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Moving House: What to Look For

By: Andy Hughes - Updated: 16 Sep 2012 | comments*Discuss
 
Location	neighbours		noise		re-visit

Moving house is a stressful experience, but you can easily minimise the worry by making some plans in advance when you are looking for a suitable property to buy. Thinking ahead will save you realising when it's too late that there are points you should have checked, and questions you should have asked. Have a look at these points to consider when you are looking to move.

Choose Your Location

The area in which you propose to buy will be dictated by a number of factors - jobs, schools, family commitments and so on. But there is a degree of choice, which you should consider carefully before you start thinking seriously about moving.

Do you want a peaceful area, or are you OK if there is some neighbourhood noise? Drive around the area you are considering at different times of the day and night to get a feel for things like traffic flow, potentially noisy areas, any late night pubs or clubs or meeting places. If the road near your potential property is near a school, the roads become a 'rat run' for cars, or a parking nightmare at both ends of the school day?

Have a look if there are shops nearby. Convenient certainly, but maybe a magnet for local teenagers to hang around in the evenings. The same applies for parks and playgrounds - great if you have children, not so great if they are populated by noisy gangs until the early hours.

Check Your Road Or Street

If you like the look of a property and you are thinking of viewing, it makes good sense to have a good look at the houses and people who are going to be living near to you.

Do the people in houses nearby spend a lot of time sitting outside? That could indicate a lot of evening and weekend noise with radios, children, dogs and so on.

Have a look at cars coming and going, and see who is driving. Lots of young drivers may mean late night arrivals with loud stereos, revving engines and slamming doors.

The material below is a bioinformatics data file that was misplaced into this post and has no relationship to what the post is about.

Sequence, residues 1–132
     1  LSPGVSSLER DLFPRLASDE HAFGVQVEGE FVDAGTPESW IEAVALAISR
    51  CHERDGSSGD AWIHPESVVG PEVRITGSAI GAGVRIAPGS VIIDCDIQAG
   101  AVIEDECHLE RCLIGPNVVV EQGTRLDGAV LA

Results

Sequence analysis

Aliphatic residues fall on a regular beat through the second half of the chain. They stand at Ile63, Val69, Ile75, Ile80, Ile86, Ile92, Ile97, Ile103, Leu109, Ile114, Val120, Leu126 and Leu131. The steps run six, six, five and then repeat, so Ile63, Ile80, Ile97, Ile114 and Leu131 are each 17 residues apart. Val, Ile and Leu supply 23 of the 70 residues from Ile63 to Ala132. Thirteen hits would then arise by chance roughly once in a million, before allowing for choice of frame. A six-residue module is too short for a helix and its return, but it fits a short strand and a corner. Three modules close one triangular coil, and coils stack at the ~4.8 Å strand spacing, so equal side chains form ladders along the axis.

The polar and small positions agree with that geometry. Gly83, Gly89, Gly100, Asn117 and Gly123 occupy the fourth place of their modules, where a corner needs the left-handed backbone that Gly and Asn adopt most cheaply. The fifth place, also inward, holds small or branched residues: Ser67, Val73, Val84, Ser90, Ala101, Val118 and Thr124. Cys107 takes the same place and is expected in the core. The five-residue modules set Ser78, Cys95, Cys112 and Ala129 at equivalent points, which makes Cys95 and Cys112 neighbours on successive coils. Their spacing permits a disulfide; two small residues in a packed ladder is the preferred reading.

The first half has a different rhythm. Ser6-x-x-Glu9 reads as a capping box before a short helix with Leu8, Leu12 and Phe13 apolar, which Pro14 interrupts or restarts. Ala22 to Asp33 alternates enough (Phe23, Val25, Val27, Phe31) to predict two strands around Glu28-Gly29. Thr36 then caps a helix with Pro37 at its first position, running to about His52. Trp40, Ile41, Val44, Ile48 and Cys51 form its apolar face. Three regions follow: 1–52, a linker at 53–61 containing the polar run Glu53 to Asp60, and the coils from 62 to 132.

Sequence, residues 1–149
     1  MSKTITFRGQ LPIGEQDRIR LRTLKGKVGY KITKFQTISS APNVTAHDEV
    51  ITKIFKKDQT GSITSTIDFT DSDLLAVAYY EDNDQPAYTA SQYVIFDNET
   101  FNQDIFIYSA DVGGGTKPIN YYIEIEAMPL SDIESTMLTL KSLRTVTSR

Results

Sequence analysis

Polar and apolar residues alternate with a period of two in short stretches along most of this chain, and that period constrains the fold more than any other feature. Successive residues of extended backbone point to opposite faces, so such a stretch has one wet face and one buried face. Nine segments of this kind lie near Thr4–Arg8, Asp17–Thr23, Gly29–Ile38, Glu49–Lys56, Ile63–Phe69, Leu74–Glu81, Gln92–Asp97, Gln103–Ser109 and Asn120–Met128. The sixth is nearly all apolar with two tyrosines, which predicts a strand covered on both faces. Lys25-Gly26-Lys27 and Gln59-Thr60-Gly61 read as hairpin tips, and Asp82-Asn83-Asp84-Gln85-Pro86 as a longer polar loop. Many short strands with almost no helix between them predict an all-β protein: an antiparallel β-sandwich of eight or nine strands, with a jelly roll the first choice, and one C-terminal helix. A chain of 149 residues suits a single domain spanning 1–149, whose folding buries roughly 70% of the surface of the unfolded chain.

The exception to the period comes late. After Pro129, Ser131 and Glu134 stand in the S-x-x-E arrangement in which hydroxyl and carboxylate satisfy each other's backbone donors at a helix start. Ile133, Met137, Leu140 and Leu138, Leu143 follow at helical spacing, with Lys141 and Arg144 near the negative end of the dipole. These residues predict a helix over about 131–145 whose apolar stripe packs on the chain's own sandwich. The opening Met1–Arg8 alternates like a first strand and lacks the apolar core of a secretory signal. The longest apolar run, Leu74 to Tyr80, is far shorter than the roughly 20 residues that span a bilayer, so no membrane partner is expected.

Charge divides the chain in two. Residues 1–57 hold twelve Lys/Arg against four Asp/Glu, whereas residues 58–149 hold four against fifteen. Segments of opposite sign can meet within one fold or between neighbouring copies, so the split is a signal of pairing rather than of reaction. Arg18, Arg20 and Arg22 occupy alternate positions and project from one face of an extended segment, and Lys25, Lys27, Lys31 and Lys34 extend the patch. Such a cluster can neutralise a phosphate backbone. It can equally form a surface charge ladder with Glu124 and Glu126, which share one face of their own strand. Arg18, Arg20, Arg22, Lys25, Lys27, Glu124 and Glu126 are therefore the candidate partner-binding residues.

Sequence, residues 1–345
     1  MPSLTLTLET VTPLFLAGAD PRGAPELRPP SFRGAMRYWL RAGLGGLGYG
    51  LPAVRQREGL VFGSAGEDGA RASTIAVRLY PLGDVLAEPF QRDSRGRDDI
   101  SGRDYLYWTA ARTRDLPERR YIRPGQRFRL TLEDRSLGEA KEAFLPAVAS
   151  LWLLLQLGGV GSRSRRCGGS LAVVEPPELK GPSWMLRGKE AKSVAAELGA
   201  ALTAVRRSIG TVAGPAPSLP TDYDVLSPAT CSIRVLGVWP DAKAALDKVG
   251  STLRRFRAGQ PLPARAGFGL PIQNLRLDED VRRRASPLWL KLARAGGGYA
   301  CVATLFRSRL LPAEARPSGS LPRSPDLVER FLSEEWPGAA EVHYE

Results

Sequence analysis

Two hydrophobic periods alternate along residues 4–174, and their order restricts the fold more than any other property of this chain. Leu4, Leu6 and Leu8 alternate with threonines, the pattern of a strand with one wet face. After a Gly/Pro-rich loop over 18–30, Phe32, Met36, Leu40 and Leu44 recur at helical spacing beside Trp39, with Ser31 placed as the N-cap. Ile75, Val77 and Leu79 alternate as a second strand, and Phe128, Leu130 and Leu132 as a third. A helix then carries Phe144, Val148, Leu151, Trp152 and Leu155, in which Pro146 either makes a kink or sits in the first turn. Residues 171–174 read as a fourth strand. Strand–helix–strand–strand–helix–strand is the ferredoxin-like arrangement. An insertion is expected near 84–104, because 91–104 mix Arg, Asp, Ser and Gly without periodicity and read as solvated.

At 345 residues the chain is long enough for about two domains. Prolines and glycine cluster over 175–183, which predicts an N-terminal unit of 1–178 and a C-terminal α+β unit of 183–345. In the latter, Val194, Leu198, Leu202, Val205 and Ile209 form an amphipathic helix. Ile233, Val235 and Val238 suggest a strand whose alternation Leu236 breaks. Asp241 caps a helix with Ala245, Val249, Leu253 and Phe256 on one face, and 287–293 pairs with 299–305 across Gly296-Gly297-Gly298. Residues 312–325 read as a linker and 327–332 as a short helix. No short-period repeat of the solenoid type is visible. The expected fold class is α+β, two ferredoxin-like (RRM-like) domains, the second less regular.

Be aware of a large number of older residents, especially if you have children yourself - you don't want a barrage of complaints about your children playing out, even if they are well behaved.

The Property Itself

You've checked out the area, and the road, now it's time to have a good look at the house itself. This is where you could be living, so don't rush your viewing, and have some basic questions ready to ask the current owners. If everything is OK, they'll be happy to answer any queries you have, if they are evasive, that's a warning sign. Here are the Top Ten Fundamental Questions you should ask as you go round your potential new home.

  1. Why are the owners moving? It may be a reason similar to yours, but it shows you are keen to find out something about them and the property.
  2. What are the neighbours like? If the owners claim not to know them, try and have a peep into their garden as you view - is it tidy, no piles or rubbish, garden looked after, no large dog kennel on view?
  3. Are there any neighbourhood disputes? The law means that if you ask, your potential sellers are obliged to advise you of any ongoing disputes.
  4. Can you see into any of the surrounding houses? If you can, that means they can see into yours.
  5. Are there any rights of access across or near your property? You need to know if you could have people tramping past your windows at all hours.
  6. Re-visit several times, including evenings so you can hear if there is any excess noise from the neighbours. If the property is semi-detached, knock on a connecting wall. If someone knocks back it means they can hear you, and may react to any noise you make.
  7. Is there clear access for cars, and adequate parking? Do you share a drive? You need to be clear about who can park where, and who is responsible for maintenance.
  8. Ask about Council Tax and Utility bills - an average figure for running costs is a reasonable request.
  9. Are there any building proposals near you? What is a nice field at the bottom of the garden now could be a thousand-house estate in five years, so ask and find out.
  10. Finally, go with your instincts. If you feel there is something not right about the property, even if you can't pin down what it is - look elsewhere, your instinct is probably correct.
Take the stress out of moving. With some advance planning and the right questions, you can avoid nasty surprises, and enjoy your new home with confidence.

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